Dusty: The Musical @ Adelaide Festival Centre Review

  • Written by 
  • Wednesday, 04 January 2017 08:56
Published in Arts News  
Dusty: The Musical @ Adelaide Festival Centre Review Image © Jeff Busby
Amy Lehpamer and debutante Baylie Carson give their hearts and souls as Dusty Springfield and her inner child in a revival tailored to our modern times.

The reality of fame did not resemble the childhood dream of English soul diva Dusty Springfield.

It is a familiar story, reminiscent of the many revered lives lost in 2016; like George Michael, her sexuality was suppressed for fear of prejudice; like Prince, she was always looking for that new, funky sound; like Bowie, her hairstyle was always in flux; like them all, addiction gripped her, and this ultimately shortened her majestic life.

She was forever an outsider: bullied at Catholic school and by her conservative parents; a black sheep within the button-downed conformity of the English pop scene.

DUSTYjeffbusby6
Image © Jeff Busby

When she finally found her place amongst soul sisters in the African-American R’n’B community, her same-sex and interracial love with backing singer Reno, played charismatically by Chloe Zuel, was socially forbidden.

Through her songs and her irrepressible voice, though, she ultimately triumphed, winning the public’s adulation. 'Dusty: The Musical' offers the laughs, the glamour and the nostalgia that is to be expected, but it also delivers poignant drama with heft.

Amy Lehpamer, tasked with channelling Dusty’s blue-eyed soul vocals while simultaneously embarking upon a tumultuous emotional journey, deserved the standing ovation that many in the audience gave her. In addition to her acting and vocal responsibilities, she underwent more costume changes than Diana Ross; her dressers had the efficiency of a pit crew in a Formula One race.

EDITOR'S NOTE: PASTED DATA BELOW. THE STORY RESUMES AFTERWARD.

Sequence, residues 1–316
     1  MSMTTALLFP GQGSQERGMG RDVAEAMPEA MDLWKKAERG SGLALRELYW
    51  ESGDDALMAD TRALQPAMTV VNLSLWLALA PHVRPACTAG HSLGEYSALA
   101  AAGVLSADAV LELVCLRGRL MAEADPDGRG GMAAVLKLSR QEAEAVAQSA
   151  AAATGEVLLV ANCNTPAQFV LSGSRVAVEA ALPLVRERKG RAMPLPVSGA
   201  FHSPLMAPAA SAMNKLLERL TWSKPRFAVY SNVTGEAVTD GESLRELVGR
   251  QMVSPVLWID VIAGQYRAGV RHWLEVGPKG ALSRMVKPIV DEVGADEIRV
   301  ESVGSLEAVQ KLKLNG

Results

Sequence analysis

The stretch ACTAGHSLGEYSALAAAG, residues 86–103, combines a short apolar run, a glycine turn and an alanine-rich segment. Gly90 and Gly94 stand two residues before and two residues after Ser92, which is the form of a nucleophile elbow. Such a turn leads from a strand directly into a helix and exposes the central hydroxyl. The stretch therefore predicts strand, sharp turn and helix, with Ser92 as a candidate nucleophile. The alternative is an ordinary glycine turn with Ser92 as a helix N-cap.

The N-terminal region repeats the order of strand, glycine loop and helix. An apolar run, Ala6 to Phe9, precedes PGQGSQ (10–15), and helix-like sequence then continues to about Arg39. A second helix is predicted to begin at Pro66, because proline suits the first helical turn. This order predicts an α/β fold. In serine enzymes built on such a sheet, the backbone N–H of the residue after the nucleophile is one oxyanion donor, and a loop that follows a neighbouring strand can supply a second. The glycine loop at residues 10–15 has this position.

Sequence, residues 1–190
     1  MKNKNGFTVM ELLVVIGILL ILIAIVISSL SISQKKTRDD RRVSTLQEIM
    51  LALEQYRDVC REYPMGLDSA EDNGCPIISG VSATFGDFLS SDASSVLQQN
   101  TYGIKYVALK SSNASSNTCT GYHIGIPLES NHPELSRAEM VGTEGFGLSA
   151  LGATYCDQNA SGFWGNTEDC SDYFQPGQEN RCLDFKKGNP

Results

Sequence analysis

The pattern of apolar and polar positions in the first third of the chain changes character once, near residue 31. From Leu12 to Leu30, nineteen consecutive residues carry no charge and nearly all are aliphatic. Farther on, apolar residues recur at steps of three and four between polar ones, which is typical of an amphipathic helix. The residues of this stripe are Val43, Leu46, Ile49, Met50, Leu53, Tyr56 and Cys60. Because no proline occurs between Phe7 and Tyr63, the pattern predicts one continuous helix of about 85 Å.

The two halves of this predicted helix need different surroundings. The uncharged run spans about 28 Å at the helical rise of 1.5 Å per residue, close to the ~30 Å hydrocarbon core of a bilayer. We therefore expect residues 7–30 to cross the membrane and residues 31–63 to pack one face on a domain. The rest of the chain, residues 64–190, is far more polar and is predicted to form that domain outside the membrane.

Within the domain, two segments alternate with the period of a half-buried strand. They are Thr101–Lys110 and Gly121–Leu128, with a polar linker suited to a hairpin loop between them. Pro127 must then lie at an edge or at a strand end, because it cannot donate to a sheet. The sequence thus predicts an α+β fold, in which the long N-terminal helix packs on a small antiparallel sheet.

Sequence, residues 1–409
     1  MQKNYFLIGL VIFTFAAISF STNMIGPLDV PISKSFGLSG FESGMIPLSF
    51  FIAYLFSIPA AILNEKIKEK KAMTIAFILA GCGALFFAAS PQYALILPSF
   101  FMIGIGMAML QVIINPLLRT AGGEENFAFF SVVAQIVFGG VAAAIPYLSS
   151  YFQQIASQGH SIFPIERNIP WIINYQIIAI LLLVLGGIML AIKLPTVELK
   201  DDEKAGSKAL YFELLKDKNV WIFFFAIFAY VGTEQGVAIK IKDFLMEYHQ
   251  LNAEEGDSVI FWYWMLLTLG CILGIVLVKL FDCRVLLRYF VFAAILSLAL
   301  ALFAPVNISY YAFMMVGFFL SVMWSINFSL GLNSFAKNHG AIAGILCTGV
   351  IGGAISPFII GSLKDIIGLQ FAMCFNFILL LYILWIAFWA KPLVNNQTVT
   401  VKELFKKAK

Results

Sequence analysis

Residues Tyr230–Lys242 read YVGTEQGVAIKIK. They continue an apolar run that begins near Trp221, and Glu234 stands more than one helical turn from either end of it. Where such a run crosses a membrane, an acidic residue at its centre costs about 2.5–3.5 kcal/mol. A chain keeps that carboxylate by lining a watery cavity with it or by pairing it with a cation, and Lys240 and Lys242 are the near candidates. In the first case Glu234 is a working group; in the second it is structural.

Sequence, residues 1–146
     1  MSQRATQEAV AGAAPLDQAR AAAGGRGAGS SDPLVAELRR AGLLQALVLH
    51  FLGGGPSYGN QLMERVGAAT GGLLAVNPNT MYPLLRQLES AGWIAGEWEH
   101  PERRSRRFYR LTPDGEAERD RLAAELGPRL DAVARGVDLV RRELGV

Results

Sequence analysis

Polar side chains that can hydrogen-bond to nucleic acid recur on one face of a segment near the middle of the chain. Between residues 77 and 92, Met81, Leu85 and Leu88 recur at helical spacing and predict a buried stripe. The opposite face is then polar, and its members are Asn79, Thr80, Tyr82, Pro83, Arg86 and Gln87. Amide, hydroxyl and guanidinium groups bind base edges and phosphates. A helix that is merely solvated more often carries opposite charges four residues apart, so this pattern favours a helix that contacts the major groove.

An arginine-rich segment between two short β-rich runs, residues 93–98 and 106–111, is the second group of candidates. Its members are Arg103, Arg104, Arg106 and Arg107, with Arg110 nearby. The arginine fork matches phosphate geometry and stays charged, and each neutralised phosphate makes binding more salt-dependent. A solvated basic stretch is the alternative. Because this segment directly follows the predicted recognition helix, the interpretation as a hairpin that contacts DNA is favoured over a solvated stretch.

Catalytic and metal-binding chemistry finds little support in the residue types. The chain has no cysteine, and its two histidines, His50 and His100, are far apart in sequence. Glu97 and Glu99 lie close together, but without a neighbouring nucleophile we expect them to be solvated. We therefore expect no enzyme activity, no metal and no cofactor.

DUSTYjeffbusby2
Image © Jeff Busby

As a young Dusty, or Mary as she was christened, Adelaide girl Baylie Carson was a grade A scene-stealer with her enormous vocals roaring out of such a tiny frame. The duet between the pair ‘Who Can I Turn To?’ was a thundering crescendo to act one.

Accompanied by a small ensemble under the musical direction of Michael Tyack, the replication of Dusty’s abundant back catalogue is worthy of the price of admission.

While the musical is coherently narrated by Mary and a nosy music journalist, the transitions between songs and the pacing of the narrative is not always ideal. While it is necessary to perhaps jump decades at a time, this time travelling could have been more clearly signposted.

DUSTYjeffbusby1
Image © Jeff Busby

While supporting cast Virginia Gay and Todd McKenney bring comic relief, some of the punch lines fall flat because of the incoherence of their thick accents.

McKenney’s accent is his only failing, though, as he brings mirth through his physicality while also delivering gravitas when he intervenes to save his dear friend from her plunge into alcoholism.

Michael Ralph’s choreography of the descent into booze was innovative and effective. Paul Blackwell as Dusty’s father nails his gags at every opportunity.

While it is possible to nit-pick at small deficiencies, Lehpamer’s harrowing depiction of Dusty’s struggles paired with her glorious vocal renditions ensures that Dusty in Adelaide is as essential as Dusty in Memphis.

★★★★☆

'Dusty: The Musical' plays at Adelaide Festival Centre until 22 January.

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